One part of the project, DETAINED (Work and Service), is made up of paintings accompanied by contracts. The paintings, in the front image the model carries a poster with the real profession and in the profile, those precarious professions to which they have had to resort. The paintings are accompanied by “contracts” of “work and service” signed with the models. These contracts establish absurd clauses, stating that the portrait will be valued according to the minimum wage of the country to which the sitter belongs, and the model will receive a percentage of this figure equivalent to the unemployment rate of their country.

A grotesque system that, in the end, results in identical pieces in terms of technique, appearance and size having diametrically opposed values, when supposedly “we are all the same”…

Detained (Temporary and Undefined) corresponds to a video installation joined with drawings in which the police mug shots continues to be a reference and only the frontal portraits are used.

The video part that completes the installation, confronts 20 pieces of drawings by placing them in front of the projection, whereby the video projected on the arrangement of the drawings shows the same faces as those on the drawings. In a sequence of seven, one by one they start decomposing and fading until they are completely erased while a voice on “off” the voice of the
person whose face is being erased responds to the following questions “If the economic crisis did not exist and there wasn’t any impediment for self fulfillment, ¿what would you dedicate yourself to? ¿what would you work in? In the audio one does not hear the question mentioned, only the answers and or reflections of those portrayed and depicted in the drawings and video.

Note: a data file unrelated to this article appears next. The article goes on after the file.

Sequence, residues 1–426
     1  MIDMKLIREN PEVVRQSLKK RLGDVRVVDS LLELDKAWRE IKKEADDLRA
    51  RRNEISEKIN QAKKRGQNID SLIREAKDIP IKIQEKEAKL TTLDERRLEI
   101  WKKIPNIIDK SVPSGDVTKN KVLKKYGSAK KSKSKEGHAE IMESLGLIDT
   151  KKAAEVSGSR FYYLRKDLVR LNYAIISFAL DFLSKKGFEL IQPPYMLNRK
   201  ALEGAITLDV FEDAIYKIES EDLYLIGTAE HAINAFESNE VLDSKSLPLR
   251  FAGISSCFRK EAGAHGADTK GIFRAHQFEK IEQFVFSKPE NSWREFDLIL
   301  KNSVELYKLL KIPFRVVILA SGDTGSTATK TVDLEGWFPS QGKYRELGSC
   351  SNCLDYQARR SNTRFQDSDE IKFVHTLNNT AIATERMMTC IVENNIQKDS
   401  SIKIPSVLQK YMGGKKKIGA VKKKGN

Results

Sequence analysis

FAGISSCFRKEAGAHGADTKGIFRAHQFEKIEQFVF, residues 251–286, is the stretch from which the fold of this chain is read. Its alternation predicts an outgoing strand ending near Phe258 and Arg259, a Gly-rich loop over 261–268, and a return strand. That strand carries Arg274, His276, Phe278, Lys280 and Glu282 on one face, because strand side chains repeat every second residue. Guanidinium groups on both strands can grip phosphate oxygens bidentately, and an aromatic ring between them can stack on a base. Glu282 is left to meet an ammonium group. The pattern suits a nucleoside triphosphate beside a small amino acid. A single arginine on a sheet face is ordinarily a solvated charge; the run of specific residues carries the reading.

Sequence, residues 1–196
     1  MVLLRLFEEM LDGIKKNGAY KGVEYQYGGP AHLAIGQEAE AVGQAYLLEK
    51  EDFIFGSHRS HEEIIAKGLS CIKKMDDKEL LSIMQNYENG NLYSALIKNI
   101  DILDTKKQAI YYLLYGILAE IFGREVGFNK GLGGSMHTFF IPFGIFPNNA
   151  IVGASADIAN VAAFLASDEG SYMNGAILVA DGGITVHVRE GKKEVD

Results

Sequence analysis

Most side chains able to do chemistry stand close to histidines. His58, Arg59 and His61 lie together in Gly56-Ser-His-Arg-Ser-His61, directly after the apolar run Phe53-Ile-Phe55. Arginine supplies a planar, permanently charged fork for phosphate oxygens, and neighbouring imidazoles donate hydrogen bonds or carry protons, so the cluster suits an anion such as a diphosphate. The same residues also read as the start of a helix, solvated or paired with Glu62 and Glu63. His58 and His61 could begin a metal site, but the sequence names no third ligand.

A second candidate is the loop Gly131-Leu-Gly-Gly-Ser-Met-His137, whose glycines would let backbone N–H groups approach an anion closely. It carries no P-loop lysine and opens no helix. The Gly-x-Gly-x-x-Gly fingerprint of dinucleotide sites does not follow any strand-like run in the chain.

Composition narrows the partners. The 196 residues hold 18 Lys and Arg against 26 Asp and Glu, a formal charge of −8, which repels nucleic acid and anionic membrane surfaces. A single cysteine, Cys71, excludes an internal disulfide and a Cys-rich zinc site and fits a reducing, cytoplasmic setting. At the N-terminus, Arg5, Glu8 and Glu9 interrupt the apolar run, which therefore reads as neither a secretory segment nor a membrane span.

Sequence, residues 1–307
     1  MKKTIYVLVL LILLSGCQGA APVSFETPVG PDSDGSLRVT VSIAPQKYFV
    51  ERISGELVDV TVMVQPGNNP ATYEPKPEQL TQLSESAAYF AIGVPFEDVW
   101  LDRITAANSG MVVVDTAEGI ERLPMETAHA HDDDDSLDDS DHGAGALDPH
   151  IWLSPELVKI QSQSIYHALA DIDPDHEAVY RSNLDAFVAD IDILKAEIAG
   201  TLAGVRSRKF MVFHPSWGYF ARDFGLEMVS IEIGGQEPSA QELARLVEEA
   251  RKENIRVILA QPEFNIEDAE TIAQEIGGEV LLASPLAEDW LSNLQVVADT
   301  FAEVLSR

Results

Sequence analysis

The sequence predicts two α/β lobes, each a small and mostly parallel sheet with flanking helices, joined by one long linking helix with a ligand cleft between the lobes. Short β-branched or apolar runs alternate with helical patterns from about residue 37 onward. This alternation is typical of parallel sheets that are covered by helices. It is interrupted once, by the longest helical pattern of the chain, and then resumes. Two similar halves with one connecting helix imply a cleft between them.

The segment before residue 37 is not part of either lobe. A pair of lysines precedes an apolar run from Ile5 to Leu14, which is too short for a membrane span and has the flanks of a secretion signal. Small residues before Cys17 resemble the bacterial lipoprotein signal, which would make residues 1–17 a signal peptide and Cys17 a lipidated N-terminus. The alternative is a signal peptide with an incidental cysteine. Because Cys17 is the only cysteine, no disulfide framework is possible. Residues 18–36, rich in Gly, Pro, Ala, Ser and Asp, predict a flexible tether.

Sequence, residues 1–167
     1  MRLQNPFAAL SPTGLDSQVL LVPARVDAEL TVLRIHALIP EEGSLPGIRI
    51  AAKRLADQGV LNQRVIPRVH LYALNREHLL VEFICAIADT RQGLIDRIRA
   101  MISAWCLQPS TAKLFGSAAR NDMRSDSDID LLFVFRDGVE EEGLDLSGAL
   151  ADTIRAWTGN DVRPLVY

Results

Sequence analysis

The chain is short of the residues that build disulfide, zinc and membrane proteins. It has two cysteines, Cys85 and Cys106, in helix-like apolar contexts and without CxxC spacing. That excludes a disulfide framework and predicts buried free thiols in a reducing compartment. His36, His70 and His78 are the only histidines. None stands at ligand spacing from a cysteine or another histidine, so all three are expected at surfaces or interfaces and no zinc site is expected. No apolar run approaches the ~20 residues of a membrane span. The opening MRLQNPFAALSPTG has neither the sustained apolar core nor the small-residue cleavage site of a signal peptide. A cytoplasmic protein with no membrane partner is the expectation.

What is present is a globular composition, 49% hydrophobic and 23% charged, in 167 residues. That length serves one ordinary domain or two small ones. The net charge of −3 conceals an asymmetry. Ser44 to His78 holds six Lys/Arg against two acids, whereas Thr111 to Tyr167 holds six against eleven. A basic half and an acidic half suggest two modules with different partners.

Starting from the reflection on social changes and the precarious situation at the beginning of the economic crisis, which gives rise to plastic and visual work, the project has evolved towards a participatory and open educational format. I propose different workshops on critical reading of the image, and debate on the discourses associated with the information we consume and how
we select our information channels.

Both contents, the creative and the pedagogical, take the form of a series of images and texts on plastic art, with a didactic appendix describing the structure and methodology of the workshops.

A text by the academic and critic José Gómez Isla completes the publication.

It is not just an artist’s book, or a catalogue, or a didactic guide, but a bagged proof of police custody containing all three. It is presented as a fold-out, a newspaper and a cardboard card, as a game and an excuse to keep asking ourselves questions.
The design of the publication, which has transformed the project into a unique piece and a collector’s item, is by the Tres Tipos Gráfico studio and forms part of the editorial catalogue of “La mirada creadora”.